She would have known that my point count, plus her own opening-level points, were in slam territory. She is now the captain, but she doesn’t yet know about my Spade support. She would probably raise to Three No Trump knowing that we have a game. I would then show her my solid Spade support by bidding Four Spades. Now, that she knows we have a fit in Spades, she would begin a cue-bidding sequence so we could determine what first-round controls we have. This would have taken us to a slam in Spades which is makeable. And no one would be confused, because Spades had been established as our trump suit. As Barbara Seagram states in her book, 25 Bridge Conventions You Should Know, page 118: “Before cue-bidding, you must explicitly agree on a trump suit.”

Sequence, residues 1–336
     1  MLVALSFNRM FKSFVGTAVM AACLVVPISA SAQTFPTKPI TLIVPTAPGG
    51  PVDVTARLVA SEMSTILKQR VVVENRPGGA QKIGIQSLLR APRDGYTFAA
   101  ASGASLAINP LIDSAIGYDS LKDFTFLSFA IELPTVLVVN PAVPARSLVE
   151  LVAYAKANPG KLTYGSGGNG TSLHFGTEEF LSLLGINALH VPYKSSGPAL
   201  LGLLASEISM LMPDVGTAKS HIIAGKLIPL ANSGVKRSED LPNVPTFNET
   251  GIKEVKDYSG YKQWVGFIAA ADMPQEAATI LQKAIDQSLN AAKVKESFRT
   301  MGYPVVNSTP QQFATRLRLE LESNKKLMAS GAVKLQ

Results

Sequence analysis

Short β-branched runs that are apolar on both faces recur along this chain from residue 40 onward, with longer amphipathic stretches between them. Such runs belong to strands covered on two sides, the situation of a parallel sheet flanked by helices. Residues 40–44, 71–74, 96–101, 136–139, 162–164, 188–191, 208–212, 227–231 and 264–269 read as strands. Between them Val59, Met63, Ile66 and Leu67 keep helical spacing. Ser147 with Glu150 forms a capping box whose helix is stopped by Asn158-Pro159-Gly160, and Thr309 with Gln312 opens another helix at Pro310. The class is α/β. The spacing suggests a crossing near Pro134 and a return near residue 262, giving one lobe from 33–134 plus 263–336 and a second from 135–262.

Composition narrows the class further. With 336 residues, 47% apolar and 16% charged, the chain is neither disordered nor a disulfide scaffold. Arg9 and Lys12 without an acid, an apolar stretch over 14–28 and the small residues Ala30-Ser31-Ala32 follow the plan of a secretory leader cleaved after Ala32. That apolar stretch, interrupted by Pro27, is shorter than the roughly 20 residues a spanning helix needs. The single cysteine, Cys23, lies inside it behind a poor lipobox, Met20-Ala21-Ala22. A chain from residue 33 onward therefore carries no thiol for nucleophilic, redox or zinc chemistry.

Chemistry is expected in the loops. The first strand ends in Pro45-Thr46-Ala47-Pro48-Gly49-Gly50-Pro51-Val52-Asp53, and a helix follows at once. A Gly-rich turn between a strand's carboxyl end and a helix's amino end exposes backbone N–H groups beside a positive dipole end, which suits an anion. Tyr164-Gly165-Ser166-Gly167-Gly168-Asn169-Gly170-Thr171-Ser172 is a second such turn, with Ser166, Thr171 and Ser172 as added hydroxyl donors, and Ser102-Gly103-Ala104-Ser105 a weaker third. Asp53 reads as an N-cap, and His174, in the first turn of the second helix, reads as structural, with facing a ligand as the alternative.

The moral of this story is that it is always a good idea to fully discuss your bidding systems with each of your partners. Many of us play with various partners, so this discussion, with each one, is important to avoid frustrating mix-ups.

If you wish to promote an activity in your bridge group or ask a bridge question, send the information to [email protected] and I will try to include it in this column.

NEW SOCIAL BRIDGE GAME IN HUNTSVILLE
Games are at the Active Living Centre on Thursdays at 7 p.m. in the multi-purpose room on the second floor (elevator) at the back entrance of the Canada Summit Centre. Just come – with or without a partner.
For information, please contact Donna or Peter Tikuisis at 647 471 1774 or [email protected]